While Dachshunds have loads of energy, it comes in bursts. For some of the time, they can seem like very lazy dogs. However, since obesity can cause spinal issues, it’s important that you encourage your doxie to remain active and playful as often as possible to keep them at a healthy weight.

Aggression Levels

Dachshunds are not aggressive by nature, but can be very much a “one person dog.” This means, if the doxie chooses you as his number one human, he can be somewhat reluctant to give affection to someone else.

This may manifest in nipping at someone who wants to shake your hand or hug you, barking at someone talking to you or coming close to you, or other inappropriate behaviours. It’s important that you teach your doxie limits from an early age. Proper socialization can be done with puppy classes or simply showing the Dachshund that you aren’t going to be abducted by someone coming in for a hug or handshake.

Preventing Boredom

Due to their intelligence, Dachshunds can get bored easily if not given enough mental stimulation. Durable toys, brain-teaser treat toys, and interaction from you can all help relieve boredom.

When a doxie gets bored, its behaviours can change and become destructive. Digging is one of the ways they will use to relieve boredom which can be disastrous in your backyard but can also ruin carpeting and couch cushions indoors too.

If you need to leave your Dachshund unattended while you work or attend school, it’s important to ensure your home is puppy-proof and secure. A bored doxie can get into all kinds of trouble in the cabinets and pantry if he has access.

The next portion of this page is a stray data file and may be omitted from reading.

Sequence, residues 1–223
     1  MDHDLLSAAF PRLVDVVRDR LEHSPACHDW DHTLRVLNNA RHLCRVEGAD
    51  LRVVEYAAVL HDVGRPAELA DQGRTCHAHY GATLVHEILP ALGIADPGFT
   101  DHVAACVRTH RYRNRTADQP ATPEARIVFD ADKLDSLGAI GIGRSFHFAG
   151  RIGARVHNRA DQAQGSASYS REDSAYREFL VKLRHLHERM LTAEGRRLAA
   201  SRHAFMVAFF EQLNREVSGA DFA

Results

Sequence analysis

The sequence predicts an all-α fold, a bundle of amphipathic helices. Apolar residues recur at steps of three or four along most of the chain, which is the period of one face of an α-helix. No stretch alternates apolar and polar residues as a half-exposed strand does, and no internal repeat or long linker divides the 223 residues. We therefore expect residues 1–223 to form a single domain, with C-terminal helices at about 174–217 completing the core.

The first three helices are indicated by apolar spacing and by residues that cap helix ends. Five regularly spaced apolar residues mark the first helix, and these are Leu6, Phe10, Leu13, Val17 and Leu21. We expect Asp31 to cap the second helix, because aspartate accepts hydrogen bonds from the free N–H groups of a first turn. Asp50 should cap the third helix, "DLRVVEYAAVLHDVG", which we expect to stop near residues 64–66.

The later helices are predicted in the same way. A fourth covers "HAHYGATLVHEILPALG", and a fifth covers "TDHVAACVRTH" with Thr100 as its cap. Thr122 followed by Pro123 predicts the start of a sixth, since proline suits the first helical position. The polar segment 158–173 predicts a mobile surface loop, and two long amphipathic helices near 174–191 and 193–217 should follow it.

Being Around Children

When introduced properly and early on, Dachshunds can be a very good playmate for children, however, they may not be as fond of your child’s friends that visit on occasion. Dachshunds build strong relationships with their close family but will shun outsiders entirely.

When a doxie and children share the same home, be sure your children know how to properly play with the dog. Since they have long backs and short legs, they can be injured if play gets too rough or if a child is holding the dog and drops it. 

Always supervise the interactions between your children and your doxie to ensure both sides enjoy the experience.

Being Around Other Pets

Since Dachshunds were bred for hunting, they can show some behaviours that you might not want around other pets. For example, doxie’s history has them specifically chasing badgers, weasels, rabbits, and foxes.